At the Hanukkah party for Blazing Car Fur, I had the privilege of meeting a few members of CANACE (Canadian Advocates for Charter Equality). These people are representatives of the citizens of Caledonia who endured an extremely difficult time during the crisis there.
I had to confess to them that I know very little about what happened during those events. My general understanding was that it was a land claims dispute between local natives and the non-native population that erupted into violence.
From what I know of their history in Canada, I tend to be a little forgiving of First Nations civil disobedience, since, as a people, they have endured generations of injustice and abuse. But speaking to intelligent, articulate advocates like Gary McHale made me realize that despite the truth of those sentiments, it was glib to apply them to innocent citizens of Caledonia whose rights were being egregiously violated, and who faced discrimination in the face of injustice by a government and police who chose to appease violent aggressors.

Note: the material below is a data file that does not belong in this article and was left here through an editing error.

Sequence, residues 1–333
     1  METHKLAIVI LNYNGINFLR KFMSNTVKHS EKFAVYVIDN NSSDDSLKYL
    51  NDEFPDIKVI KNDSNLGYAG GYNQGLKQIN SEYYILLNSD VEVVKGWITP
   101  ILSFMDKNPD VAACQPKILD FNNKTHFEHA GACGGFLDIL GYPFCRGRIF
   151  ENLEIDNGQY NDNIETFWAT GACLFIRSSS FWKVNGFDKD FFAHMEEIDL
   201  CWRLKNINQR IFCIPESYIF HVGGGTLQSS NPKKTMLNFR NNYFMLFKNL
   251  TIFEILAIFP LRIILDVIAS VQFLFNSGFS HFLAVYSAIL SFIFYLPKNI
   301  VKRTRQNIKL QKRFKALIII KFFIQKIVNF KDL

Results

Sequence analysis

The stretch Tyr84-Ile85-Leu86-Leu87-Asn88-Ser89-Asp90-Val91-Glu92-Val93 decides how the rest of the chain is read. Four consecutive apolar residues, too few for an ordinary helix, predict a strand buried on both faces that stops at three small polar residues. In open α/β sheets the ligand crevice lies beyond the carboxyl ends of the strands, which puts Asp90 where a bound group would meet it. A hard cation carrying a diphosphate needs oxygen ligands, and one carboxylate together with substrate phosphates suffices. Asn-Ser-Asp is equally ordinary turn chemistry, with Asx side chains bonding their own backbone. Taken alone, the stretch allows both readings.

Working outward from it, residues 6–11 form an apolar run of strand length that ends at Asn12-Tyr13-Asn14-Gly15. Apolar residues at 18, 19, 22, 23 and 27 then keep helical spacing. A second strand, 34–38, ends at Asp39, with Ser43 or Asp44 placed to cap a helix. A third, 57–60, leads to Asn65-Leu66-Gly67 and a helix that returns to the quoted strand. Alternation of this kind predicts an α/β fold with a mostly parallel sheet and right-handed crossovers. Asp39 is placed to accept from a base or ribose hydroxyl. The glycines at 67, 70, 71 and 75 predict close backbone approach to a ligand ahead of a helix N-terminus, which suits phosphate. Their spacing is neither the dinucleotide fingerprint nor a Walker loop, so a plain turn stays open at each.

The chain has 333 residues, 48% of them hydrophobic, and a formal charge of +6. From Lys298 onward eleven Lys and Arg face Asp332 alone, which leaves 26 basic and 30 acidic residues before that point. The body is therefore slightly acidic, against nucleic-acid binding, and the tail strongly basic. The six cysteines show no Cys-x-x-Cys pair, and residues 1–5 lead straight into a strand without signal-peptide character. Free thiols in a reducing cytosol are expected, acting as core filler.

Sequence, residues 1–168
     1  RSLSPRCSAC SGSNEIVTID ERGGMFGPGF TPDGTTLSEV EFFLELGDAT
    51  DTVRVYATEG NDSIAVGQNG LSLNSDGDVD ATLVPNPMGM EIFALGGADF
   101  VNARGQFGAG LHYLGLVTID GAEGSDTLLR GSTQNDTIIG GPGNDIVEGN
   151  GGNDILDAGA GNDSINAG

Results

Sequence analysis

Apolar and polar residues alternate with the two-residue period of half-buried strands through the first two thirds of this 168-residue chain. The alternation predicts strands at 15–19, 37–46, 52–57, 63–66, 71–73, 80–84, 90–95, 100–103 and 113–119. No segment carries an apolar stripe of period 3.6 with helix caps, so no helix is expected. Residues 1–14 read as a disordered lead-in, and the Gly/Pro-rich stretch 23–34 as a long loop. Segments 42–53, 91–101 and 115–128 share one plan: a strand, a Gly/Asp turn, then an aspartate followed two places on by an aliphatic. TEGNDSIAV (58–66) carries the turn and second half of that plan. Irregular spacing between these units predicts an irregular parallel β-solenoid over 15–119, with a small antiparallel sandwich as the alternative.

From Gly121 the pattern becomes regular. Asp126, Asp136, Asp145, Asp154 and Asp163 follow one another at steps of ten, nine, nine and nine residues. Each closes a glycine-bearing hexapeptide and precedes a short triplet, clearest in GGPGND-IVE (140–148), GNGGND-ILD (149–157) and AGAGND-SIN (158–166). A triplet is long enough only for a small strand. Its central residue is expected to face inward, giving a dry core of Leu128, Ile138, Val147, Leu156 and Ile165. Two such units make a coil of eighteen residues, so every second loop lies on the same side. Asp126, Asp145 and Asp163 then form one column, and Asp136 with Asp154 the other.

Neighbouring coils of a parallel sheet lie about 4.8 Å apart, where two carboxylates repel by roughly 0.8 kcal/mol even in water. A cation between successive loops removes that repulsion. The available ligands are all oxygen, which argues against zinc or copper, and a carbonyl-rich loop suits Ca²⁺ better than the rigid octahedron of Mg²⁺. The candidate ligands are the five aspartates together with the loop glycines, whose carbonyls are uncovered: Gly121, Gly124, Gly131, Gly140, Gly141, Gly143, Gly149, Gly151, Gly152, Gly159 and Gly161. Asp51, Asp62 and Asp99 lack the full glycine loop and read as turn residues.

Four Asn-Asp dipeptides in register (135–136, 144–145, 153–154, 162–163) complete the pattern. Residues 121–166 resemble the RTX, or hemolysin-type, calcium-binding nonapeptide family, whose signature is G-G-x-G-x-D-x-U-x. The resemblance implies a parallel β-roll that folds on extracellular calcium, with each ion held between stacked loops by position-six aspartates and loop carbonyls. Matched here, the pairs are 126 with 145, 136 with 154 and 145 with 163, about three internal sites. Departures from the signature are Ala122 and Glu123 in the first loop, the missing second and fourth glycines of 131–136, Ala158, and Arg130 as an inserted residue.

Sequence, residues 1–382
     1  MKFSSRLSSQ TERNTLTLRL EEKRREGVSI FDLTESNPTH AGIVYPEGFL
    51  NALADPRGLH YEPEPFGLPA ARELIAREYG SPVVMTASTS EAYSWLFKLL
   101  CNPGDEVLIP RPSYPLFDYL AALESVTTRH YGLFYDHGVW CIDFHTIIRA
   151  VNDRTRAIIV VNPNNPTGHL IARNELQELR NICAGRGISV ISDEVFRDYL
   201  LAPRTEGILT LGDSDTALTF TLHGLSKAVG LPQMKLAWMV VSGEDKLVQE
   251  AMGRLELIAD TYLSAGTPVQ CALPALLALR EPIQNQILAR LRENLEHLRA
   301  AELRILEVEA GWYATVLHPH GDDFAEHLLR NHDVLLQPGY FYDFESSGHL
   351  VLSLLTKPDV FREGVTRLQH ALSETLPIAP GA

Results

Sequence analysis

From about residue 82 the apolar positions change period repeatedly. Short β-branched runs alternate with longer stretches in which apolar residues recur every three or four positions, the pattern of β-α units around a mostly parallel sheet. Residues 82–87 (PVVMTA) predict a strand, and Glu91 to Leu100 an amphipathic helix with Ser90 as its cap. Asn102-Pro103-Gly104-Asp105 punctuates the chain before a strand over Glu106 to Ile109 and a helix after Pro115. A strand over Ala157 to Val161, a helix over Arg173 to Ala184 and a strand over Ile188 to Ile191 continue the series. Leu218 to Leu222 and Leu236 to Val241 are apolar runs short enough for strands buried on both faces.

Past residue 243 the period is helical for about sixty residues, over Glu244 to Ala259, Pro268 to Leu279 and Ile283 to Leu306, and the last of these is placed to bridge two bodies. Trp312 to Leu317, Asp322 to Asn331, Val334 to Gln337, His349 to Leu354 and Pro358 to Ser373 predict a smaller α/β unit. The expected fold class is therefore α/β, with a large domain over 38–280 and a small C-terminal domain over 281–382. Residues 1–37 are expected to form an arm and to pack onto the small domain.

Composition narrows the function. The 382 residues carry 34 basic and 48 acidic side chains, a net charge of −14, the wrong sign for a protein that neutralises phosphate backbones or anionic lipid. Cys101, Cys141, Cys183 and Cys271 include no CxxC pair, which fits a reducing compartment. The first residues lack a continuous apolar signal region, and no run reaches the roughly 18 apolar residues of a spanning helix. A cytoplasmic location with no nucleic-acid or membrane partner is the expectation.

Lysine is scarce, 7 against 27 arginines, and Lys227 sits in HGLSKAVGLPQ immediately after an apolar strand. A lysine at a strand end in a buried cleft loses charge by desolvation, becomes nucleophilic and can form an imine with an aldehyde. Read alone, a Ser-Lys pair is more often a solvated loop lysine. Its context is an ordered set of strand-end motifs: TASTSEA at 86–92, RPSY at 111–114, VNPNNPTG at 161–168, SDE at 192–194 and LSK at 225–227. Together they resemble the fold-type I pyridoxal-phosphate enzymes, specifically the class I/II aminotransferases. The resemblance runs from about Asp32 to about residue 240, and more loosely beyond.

I made a commitment to McHale, who has become famous as the man arrested, in Canada, for the crime of waving a Canadian flag, to learn more. McHale is an inventive and passionate defender of the rights of all Canadians, regardless of race, to be able to enjoy the rights afforded by our Charter of Rights and Freedoms. That seems like a reasonable position to me.
He contends what amounts to gross neglect of duty by the Ontario Provincial Police during the crisis and if that was the case, then it is in the public interest to investigate this and ensure it never happens again.
The crisis has regained a lot of public attention because of Christie Blatchford's recent book, Helpless, Caledonia's nightmare of fear and anarchy and how the law failed all of us and the efforts of the radical left to silence her.
This is something that we all need to learn more about.